When a child is falling behind is school, the first thing I do is assume is that I am dealing with a person who is a bit different from the norm; a person who is having trouble coping with an establishment which does not nurture or even recognize his unique gifts, but instead
is determined to "correct" him. I logically assume that I am dealing with a right brained visual spatial child. In my forty years of experience teaching children, this assumption has never been wrong. After all, few children who have fantastic verbal memories, and love math and spelling ever have any difficulty in school.
Most of those kids have had about all the pressure they can handle. They are often discouraged. Deep down they know that they can't do what the teacher wants them to do, though they sometimes try and hide it through disruptive behavior. They know they can't be what the adults around them want them to be. To help ease their high stress level and deal with their pain and frustration, I share my experiences and understanding. I tell them that I have trouble with spelling and math is hard for me, but I also firmly express that they can cope. I wanted to be a teacher and I did it, even graduating with honors. It can be done!
Of course it helps, but you do not have to be visual spatial to accept and support others who learn in a different manner. You just need to accept that God has created each of us each with different gifts, and instead of trying to correct weaknesses, encourage talents.
Think of a school where all subjects are taught at once; math, music, science, spelling, history, English, and art. People work individually studying topics of interest to them with the teacher acting as a guide. They would be allowed to share their work creatively through written reports, poems, stories, art, charts, videos and demonstrations in small groups or just with their teacher. Whether this sounds like heaven or hell depends on who you are and what your gifts are. For me it would be heaven. To some it would be hell.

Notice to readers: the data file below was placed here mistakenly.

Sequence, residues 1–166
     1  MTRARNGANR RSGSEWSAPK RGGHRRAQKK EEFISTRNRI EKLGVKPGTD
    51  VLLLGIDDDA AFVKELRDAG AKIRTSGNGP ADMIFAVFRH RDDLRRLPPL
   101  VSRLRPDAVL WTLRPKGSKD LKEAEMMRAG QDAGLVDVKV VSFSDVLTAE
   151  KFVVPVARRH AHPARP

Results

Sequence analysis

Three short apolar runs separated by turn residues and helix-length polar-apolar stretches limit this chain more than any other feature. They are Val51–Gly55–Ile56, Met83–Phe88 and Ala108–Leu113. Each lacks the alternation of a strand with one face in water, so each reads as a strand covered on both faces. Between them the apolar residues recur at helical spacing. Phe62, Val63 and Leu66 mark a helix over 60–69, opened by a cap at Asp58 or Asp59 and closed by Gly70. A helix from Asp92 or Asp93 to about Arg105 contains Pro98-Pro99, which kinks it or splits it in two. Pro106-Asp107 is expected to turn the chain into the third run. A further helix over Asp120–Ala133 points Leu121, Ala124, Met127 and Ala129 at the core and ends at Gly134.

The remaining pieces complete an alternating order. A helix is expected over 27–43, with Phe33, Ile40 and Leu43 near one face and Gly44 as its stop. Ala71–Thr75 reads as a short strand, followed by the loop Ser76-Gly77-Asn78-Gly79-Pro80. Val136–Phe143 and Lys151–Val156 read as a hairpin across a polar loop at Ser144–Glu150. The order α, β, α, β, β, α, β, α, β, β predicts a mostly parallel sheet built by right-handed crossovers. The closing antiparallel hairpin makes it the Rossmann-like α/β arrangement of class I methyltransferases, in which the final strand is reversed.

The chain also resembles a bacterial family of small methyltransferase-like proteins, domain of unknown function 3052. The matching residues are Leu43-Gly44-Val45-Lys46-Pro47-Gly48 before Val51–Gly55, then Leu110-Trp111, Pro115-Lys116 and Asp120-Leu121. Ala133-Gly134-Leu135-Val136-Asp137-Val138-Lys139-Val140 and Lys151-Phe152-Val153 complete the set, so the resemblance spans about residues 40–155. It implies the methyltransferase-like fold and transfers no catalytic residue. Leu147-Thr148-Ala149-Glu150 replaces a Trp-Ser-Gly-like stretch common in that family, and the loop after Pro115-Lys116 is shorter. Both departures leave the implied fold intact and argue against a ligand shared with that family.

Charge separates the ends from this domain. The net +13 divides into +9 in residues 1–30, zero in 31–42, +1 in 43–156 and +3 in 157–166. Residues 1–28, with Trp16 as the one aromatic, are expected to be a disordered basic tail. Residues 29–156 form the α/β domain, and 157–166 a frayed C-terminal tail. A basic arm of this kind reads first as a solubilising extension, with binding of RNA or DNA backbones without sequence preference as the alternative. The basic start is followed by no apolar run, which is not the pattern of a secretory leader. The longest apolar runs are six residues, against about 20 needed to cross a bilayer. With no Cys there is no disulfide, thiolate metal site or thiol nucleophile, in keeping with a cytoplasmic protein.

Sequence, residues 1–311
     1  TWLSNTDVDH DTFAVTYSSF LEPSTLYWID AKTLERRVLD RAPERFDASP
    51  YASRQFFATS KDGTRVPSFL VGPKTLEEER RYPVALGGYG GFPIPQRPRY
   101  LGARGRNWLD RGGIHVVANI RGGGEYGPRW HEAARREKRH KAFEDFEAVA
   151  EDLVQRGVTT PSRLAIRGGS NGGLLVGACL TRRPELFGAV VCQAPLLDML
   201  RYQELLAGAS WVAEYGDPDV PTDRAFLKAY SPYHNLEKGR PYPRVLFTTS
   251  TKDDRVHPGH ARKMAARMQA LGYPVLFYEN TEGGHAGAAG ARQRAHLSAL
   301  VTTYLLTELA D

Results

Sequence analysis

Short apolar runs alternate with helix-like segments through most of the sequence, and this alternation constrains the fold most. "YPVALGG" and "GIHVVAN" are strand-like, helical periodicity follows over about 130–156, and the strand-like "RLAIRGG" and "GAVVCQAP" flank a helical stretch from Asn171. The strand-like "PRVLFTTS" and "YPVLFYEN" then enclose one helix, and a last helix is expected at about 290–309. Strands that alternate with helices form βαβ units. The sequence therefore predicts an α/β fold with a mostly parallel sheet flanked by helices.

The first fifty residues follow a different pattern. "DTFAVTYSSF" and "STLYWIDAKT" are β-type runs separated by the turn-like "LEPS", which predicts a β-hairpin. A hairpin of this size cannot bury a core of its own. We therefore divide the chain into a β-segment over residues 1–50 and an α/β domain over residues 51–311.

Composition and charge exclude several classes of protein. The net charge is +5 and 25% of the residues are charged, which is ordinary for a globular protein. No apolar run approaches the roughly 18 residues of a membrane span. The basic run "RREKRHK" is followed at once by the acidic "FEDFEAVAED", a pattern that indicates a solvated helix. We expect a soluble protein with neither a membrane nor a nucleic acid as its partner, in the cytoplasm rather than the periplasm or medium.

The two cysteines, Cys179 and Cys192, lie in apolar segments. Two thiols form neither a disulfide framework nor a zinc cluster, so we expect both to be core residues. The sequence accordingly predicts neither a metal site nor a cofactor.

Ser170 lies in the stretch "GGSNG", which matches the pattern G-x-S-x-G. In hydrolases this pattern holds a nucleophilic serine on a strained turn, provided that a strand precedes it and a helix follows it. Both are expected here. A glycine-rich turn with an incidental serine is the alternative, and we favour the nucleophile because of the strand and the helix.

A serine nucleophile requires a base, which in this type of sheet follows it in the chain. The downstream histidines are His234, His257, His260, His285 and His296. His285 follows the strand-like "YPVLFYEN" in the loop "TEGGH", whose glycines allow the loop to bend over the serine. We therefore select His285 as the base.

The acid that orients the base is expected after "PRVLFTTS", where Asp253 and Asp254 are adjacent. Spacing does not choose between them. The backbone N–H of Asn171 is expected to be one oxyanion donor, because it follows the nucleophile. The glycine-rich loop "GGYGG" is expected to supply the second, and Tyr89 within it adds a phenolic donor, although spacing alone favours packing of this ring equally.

I heard of a young girl; a top student who always excelled in every school subject. Suddenly, she started becoming ill a couple of afternoons each week and even had to have her mother come to school and take her home. After several weeks, her teacher and mother realized that she always became ill right before art class. This girl was an artistic klutz. Art was very difficult for her. It was not her natural talent, and she couldn't bare anyone finding out about her lack of artistic ability.
Look for the child's talents and help the child use their talents to cope with school requirements.
I made it through school because I could express my thoughts well (given allowance for poor spelling and handwriting- I learned early to type). I flunked the fill in the blank part of the test, but was saved by the essay! I could't remember the date, but I could explain the significance of the Stamp Act. It Can Be Done!
I'll explain later how I coped with school.
see my articles
Helping your Struggling Student
Helping Children Learn